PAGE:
Sometimes it’s not convenient (or possible) to carry out legal transactions or make financial decisions for yourself.
For example, if you are interstate or overseas, it may not be convenient for you to sign legal documents or complete a legal transaction. If you lose your mental capacity, for example if you suffer a brain injury or other mental impairment, your legal affairs will effectively be ‘locked up’ until you either regain mental capacity, or someone is appointed by the Government to act for you.
In these circumstances, having a General and/or Enduring Attorney in place can be a lifesaver.
We are sometimes asked if we provide this service to our clients, i.e. if we are prepared to act as your General and/or Enduring Attorney. The short answer is yes. However, it is important you understand how we carry out this role, and what choices you have available to you before appointing us.
When will our appointment take effect?
The first question you need to consider is whether you appoint us to act immediately, or only if and when you lose mental capacity.
If you appoint us to act immediately, we will have the power to undertake transactions on your behalf even if you still have the capacity to do this yourself. In effect, we will act alongside you, and at your specific direction. This is referred to as a General Power of Attorney. As your General Attorney, you may direct us to sign a specific document on your behalf while you are interstate or overseas, or you may give us a more general direction to perform certain acts in certain circumstances, for example, to pay bills if and when they arise from time to time.
If you only appoint us to act if lose mental capacity, then we will not have the power to undertaken transactions for you until we have received confirmation from a medical doctor that you have lost mental capacity. This is referred to as an Enduring Power of Attorney.
Will there be any limitations on our authority?
When you appoint us to act you can place restrictions on our powers. For example, you can appoint us for a very limited purpose (e.g. to sign a single document, or series of documents), you can place limits on the value of transactions that we can carry out, and you can impose time limits on our authority (e.g. only while you are away for a defined period of time).
If you do not place any specific limits on our powers, then we will have the same legal authority as you – subject to the strict general laws that apply to attorneys. One of the more important limitations that applies to our powers under general law is that we cannot do anything that personally benefits us, unless you give us specific authority. (See below in relation to our fees.)
How many people will you appoint?
You have the option to appoint more than one person to act as your attorney. If you appoint more than one person you need to decide whether all of your attorneys must act together (i.e. jointly), or whether they can each act separately (i.e. severally). As a general rule, we recommend that your attorneys be appointed to act together (i.e. jointly), so they can act as a ‘check-and-balance’ on each other.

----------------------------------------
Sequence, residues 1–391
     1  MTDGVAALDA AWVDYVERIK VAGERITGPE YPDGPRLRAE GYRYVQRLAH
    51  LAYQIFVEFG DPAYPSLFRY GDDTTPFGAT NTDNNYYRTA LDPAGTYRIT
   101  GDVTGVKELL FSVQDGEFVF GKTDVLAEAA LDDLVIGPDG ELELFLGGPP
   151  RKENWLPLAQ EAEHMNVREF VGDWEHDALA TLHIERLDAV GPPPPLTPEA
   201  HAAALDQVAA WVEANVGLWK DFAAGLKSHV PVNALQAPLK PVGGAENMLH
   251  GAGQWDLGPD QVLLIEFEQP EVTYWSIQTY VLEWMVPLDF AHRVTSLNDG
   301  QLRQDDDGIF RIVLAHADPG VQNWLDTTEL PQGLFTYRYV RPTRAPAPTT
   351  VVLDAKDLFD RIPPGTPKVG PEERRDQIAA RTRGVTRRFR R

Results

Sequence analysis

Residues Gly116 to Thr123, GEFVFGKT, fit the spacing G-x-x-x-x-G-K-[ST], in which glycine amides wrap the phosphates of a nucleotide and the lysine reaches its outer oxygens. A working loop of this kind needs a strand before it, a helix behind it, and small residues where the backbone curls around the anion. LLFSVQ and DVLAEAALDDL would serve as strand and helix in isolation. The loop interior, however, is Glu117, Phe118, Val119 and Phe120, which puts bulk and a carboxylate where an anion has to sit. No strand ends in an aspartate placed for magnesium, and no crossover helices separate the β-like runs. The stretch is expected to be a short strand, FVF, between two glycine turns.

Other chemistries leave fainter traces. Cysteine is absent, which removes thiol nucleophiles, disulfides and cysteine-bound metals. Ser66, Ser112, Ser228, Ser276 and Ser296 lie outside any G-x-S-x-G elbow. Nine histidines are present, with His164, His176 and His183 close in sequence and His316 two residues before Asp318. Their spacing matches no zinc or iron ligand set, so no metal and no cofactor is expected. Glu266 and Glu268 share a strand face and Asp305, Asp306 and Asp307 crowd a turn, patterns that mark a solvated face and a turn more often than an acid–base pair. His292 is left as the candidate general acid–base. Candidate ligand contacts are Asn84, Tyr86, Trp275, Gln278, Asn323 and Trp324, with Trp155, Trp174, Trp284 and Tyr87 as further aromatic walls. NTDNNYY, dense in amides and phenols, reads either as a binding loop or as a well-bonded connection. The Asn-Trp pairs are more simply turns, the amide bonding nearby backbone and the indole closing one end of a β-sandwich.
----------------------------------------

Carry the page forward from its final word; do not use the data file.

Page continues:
Our preference is that we are appointed to act with at least one other person. This person may be a family member, or another one of your advisers (e.g. your accountant or financial adviser).
Who within our firm will act for you?
Our standard practice is to appoint the founding principal of our firm, Andrew Andreyev. We also include a clause to appoint another one of our trusted and senior lawyers as a backup, to cover the unlikely event that Andrew is not able to act for some reason.
What obligations do we have?
As your attorney we are under a legal obligation to act in your best interests, and to not personally benefit from carrying out our role. This is a strict legal obligation that we take very seriously. In some circumstances you may want to increase our authority to benefit people other than yourself. For example, you may want to give us the power to benefit your spouse and children. We also have an obligation to maintain records of the transactions that we undertake on your behalf.
Some issues you should consider
We suggest you give us specific directions about a number of important issues that are likely to come up. These include:
- What limitations, if any, you would like to place on our authority?
- Whether we are able to benefit your spouse and children (or other family members or friends), and if so, to what extent?
- The sort of lifestyle that you would like us to maintain on your behalf if you lose mental capacity? For example, if you would like us to maximize your comfort and lifestyle, or to maximize the preservation of your assets. You can also be more specific about this issue, i.e. where you would like to live, and what creature comforts you would like to maintain.
- Whether we can deal with your trusts, superannuation and life insurance policies? This is usually a good idea, so that we can ensure that your super is dealt with tax-effectively, and your life insurance is preserved.
What does it cost to get us involved?
We do not charge an initial fee to be appointed as your attorney. However, we do charge our standard fee to prepare the document.
If and when we act as your attorney, we charge our standard hourly fee for the services we provide. This covers our time, as well as our internal administration costs and insurance.
We do not charge a percentage of the value of the transactions that we carry out for you, nor do we charge a percentage of the value of your overall assets.
It’s very important that you fully understand that nature of any appointment you make. If you have any more specific questions, or if you would like to begin the process of appointing a General and/or Enduring Attorney, call us on 1300 654 590 or email us.
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The information contained in this post is current at the date of editing – 23 September 2021.